Year after year after year, Earth Day arrives and people just talk about it, maybe make a few posters, write a few posts, share some information and then think they have done their duty for the year. For most of us, there is no change in our lives despite our activism on this day.
Let me confess my own inaction here. Last year I did vow to plant a few trees in my neighbourhood, especially after the heat spell we experienced during Ramazan. This year, summer is almost here and except for a few additional potted plants, I have yet to make the effort to plant trees that would provide the much needed shade in my locality.
And this is not all — I usually forget to carry the large cloth bags I bought to take grocery shopping with me, so as not to take the plastic bags that shopkeepers give. Yes, it is still my intention to limit my own use of plastic bags, but I am not as firmly following up on my intention as I should. And I think I am not alone.
Most of us do realise the wrongs we are doing to our environment, but still don’t step up as we should. We can see the damage being done to our environment, we experience the climate change with each passing year and we are also becoming more aware of the carbon footprints we are leaving. So when we do have good intentions and informed intelligence, what is stopping us from being environmentally proactive?
I think it has to do with avoiding leaving our comfort zone and making the extra effort to not add to the problems of Mother Earth. Just thoughts don’t make changes happen, actions do. We need to put ourselves through some pain and discomfort to give up some of the luxuries we have become used to and taken for granted.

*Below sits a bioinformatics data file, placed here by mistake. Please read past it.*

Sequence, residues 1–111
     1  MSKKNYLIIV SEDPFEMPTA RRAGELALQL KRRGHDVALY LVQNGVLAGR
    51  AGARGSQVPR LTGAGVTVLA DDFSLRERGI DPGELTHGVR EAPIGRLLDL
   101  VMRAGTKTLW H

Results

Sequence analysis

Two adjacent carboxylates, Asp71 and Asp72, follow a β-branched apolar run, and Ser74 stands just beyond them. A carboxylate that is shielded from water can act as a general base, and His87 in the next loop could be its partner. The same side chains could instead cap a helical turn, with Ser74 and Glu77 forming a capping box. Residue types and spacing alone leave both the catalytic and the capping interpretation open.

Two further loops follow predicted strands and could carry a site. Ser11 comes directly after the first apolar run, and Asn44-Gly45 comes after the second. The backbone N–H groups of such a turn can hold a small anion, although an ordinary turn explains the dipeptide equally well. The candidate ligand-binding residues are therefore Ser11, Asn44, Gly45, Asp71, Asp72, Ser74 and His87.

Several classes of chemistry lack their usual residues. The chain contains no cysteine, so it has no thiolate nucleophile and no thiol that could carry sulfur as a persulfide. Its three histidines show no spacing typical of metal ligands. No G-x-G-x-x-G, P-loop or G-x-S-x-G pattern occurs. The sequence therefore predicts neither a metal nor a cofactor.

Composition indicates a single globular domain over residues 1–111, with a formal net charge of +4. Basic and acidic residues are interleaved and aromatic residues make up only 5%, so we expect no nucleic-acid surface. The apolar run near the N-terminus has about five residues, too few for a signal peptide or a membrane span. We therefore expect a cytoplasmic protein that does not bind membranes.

For instance, it will take some effort for us to collect water in a bucket and use it to take a bath instead of standing for 10 to 15 minutes under the shower. According to a report, if one showers for 8.2 minutes, about 17.2 gallons or 65.1 litres of water will be used. On the other hand, if we skip the shampoo, we can easily take a bath with one bucket of water, and that shouldn’t be more than 18 to 20 litres of water. Okay so many of us do not have water supply problem, but the less water we use will only mean more water for someone else. And there is water shortage in many places, with people having to buy expensive water from tanker suppliers.
One can talk about so many other things that we can conserve, recycle or reuse, such as paper, disposable tableware, plastic, petrol, packaging, clothes and what not. But it will take some extra effort on our part to do so. We will need to be conscious to what we buy – whether they reusable and recycle-able or not, dispose them properly, donate what we have surplus of and change our habits to include more environment-friendly things and adopt more eco-friendly ways of doing things. Each of us needs to manage our own environmental impact.
Those of us who are privileged enough to have a car or two at home can’t be made to walk or take a public transport, which would actually reduce our consumption of gasoline/petrol and result in less air pollution. I don’t blame anyone who avoids using public buses because I don’t use them too. They are too overcrowded, rickety and uncomfortable for most people to use.
But we also don’t walk to nearby places even if we can, we have become too used to the comforts that fuel-consuming and smoke-emitting vehicles offer, albeit at a great cost to the environment. Many cities around the world are facing acute smog conditions that lead to, among other things, several respiratory problems.
Many of the pollution and problems that we see today are not really our own doings, they are the result of the activities and carelessness of the people decades ago, if not centuries. What we do today will have its impact tomorrow. So we need to be mindful of our acts now to have a better tomorrow for both ourselves and for the future generations.
Published in Dawn, Young World, April 20th, 2019